Hmm, to retire with 60% in the stock market seems kind of risk. Following the standard retirement asset allocation models 100 – age (or 110 – age if you are more risk tolerant), shouldn’t both of their account only have 35 or 45% stocks? That might have helped a little, at least in Bob’s case. I’m not sure if international exposure would have helped or not. With the global economy, it seems like all countries rise and sink together anymore…

    If I was either retiree, I’d make sure my house was paid off too (a little asset class diversification)! That would enable them to live on less more easily.

    Life isn’t fair sometimes, too bad Bob didn’t have more money when they retired… If Bob did, the downturn might not be as painful for him. Really, 1/2 a million isn’t a lot to try and retire on. Perhaps Bob should have picked up a part time job after his primary retirement…

    Although not a major point, in terms of real money, Bob retired with a little bit less than Leslie because of the effects of inflation on money (but that’s just me being picky).

    Lately, I’m a believer of asset class diversification in addition to the classic financial asset diversification.

    Luck has an element in life, that’s for sure… At least they still have their full Social Security benefits to help out, most of us next batch of retirees won’t have that safety net the way things are going… at least not the full net. ;)

    Don@MoneyReasons’s last blog ..Saving By Paying Attention – Impulsers, Part 1 of 4

  15. This makes the very simple assumption both remain 60/40 invested in stocks and bonds once they retire. What about re-allocation every year to ensure they are still 60/40 mix?

    I didn’t run the numbers but Bob I know be much better off if they changed the asset allocation once they retired.
    .-= Investor Junkie´s last blog ..Are You Saving Too Much? =-.

  16. No one can predict the future direction of the market. My take is that Leslie got lucky with her timing but that both retired with too few assets.

    Since we don’t know twenty to thirty years in advance of our retirement that there will or won’t be a bear market the only way to prepare is to arrive with excess reserves.
    .-= LeanLifeCoach´s last blog ..What Is Your Learning Style? =-.

  17. Nice post. It really highlights the importance of Asset Allocation and not spreading yourself too thin! It’s pretty crazy how just a few years could make such a difference. Cheers, The Rat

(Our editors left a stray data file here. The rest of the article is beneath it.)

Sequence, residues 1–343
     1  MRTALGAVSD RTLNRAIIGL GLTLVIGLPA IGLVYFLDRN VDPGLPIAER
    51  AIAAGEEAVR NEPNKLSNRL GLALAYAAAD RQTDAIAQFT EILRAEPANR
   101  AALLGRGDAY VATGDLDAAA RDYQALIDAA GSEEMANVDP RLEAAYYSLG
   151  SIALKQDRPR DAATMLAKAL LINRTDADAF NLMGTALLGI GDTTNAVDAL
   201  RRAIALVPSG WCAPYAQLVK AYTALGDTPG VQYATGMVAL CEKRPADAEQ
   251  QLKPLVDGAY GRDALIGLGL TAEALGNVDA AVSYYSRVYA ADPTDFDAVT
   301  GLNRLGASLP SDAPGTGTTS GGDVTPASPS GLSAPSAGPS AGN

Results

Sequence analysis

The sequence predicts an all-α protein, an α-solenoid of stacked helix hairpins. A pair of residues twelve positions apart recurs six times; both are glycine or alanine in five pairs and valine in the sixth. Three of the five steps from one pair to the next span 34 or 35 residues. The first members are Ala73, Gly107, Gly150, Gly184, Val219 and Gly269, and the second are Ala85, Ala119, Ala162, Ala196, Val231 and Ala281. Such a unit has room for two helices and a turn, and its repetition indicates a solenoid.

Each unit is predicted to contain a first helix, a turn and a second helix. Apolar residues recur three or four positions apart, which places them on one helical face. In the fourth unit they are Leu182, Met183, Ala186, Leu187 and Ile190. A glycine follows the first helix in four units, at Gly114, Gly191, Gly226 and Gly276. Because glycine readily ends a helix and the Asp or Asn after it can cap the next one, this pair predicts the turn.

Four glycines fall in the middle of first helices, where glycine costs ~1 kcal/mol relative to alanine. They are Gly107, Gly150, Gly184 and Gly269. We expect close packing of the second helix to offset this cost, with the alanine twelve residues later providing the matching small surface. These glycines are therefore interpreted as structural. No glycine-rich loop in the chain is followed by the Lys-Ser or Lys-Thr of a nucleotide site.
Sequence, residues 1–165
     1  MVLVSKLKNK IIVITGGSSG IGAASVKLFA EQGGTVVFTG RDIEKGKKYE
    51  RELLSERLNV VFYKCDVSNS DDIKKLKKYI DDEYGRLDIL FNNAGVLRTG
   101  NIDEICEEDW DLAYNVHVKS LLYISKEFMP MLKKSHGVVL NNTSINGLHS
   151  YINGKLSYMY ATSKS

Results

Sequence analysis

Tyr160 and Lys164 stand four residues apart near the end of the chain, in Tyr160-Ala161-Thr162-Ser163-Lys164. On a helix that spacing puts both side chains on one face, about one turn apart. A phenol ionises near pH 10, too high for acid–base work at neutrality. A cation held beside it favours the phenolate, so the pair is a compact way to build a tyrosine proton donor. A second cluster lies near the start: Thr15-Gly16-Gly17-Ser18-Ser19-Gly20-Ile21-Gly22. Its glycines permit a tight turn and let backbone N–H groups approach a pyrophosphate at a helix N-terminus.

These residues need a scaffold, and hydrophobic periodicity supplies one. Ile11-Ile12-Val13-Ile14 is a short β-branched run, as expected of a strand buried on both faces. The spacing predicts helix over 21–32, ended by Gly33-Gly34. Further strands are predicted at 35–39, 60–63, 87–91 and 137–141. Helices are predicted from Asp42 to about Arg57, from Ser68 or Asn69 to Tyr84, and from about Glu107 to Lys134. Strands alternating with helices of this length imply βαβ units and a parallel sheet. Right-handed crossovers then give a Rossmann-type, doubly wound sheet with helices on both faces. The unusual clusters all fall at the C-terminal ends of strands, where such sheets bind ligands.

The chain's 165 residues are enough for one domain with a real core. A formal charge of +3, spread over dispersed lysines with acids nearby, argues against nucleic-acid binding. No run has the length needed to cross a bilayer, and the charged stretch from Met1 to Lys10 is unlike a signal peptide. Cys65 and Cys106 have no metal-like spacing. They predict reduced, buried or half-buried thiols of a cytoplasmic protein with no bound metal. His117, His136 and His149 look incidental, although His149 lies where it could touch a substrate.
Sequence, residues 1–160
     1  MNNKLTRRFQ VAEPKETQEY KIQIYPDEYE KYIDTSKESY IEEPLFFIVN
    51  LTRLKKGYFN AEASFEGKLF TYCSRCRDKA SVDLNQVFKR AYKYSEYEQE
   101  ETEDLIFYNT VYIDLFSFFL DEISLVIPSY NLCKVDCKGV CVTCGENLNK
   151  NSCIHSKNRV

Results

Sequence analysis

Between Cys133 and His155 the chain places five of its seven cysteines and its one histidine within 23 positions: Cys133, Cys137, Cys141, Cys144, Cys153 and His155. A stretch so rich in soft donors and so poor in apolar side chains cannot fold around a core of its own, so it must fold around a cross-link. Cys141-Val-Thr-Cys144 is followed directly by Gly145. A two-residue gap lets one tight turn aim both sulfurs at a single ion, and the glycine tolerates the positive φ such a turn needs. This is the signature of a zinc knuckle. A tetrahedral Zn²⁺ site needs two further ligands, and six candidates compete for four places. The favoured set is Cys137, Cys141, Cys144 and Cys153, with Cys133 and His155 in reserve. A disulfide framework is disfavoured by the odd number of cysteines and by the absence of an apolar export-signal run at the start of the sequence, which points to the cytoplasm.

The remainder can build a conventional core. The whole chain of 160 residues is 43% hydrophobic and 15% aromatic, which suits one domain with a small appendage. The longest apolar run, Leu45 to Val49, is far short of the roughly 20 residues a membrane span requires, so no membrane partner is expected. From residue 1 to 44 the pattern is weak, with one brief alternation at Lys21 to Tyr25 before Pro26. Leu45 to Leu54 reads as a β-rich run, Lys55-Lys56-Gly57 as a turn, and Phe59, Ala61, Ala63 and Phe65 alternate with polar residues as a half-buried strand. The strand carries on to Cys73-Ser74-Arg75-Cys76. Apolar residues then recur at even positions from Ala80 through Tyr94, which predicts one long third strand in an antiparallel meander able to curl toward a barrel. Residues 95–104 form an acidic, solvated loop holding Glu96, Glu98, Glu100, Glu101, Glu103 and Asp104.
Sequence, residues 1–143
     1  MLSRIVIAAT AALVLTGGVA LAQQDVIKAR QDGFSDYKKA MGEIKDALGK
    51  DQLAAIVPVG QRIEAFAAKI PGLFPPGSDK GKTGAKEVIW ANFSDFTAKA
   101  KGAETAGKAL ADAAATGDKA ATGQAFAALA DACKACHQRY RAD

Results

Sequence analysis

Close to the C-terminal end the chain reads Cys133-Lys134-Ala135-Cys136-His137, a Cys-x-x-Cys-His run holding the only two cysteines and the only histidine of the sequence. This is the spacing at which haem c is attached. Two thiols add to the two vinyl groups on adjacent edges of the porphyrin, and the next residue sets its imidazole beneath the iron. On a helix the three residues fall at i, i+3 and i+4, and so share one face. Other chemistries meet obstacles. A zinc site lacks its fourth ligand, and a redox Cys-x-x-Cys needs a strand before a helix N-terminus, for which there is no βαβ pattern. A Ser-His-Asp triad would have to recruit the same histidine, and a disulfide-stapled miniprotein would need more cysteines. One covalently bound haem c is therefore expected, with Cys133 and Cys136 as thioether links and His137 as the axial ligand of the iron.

.-= The Rat´s last blog ..Is A Housing Bubble Imminent? =-.

  18. I’m confused too. I’d much rather be Bob and retire at the top of the market, than Leslie and retire right before the bull market.

    If I’m Bob, I’m moving all my investments to money markets or annuities to live off the cash flow/interest, and am NOT playing around with equities anymore since I have no more means of accumulating money.

  19. David @ MBA briefs

    I’m a little confused; couldn’t Bob reallocate his holdings to improve the return on his investment? Jim Cramer is fond of saying “There’s always a bull market somewhere”, so his portfolio seems to be a lot weaker than it should. We call it a bear market but that doesn’t mean every company’s stock price is in the toilet, and the same with a bull market, there’s going to be plenty of dogs during a bull market.

    Plus I’m not a big fan of a fixed 60/40 split between stocks and bonds since yields on bonds also change periodically based on interest rates and the value of the dollar. It’s probably a good approximation but I would think it’s smart to adjust as necessary. But I agree with the idea behind your argument that it’s better to retire during a bull market than a bear market. I’ll keep my fingers crossed that I can pull that off :-)
    .-= David @ MBA briefs´s last blog ..Easy ways to improve your memory =-.

  20. @ Money Funk

    That’s certainly one option!

    And don’t worry, just like with anything else, the more you read/write about the topic, the more comfortable you’ll get with all the terminology involved. :)
    .-= Mike Piper´s last blog ..Weekend Reading 2/19/2010 =-.

  21. @ neal@wealthpilgrim

    Hi Neal. Indeed, it may help to adjust one’s allocation based on market valuation levels. I keep getting hung up on the actual implementation though–how under or overvalued does the market have to get before you adjust your allocation? How much do you adjust your allocation as a result? And, at what point do you bail out of it doesn’t appear to be working?
    .-= Mike Piper´s last blog ..Weekend Reading 2/19/2010 =-.

  22. I agree with the idea of using a portion of your portfolio to buy an annuity at retirement, or at the least some long-range and/or inflation linked government bonds. Ultimately there’ll always be some risk, whatever you do.

    @MoneyFunk – You just need to keep exposing yourself, it’s just new words like cooking or learning to drive. It does come eventually, honest! (Bear market means stocks are down for a while, portfolio is the investments and other assets (e.g. Gov bonds) you hold.

  23. neal@wealthpilgrim

    Well I believe that your post points out how critical it is to:
    a. take no more risk that you absolutely have to.
    b. have a dynamic asset allocation based on market strength/weakness.

    This is no guarantee of success either but it can help.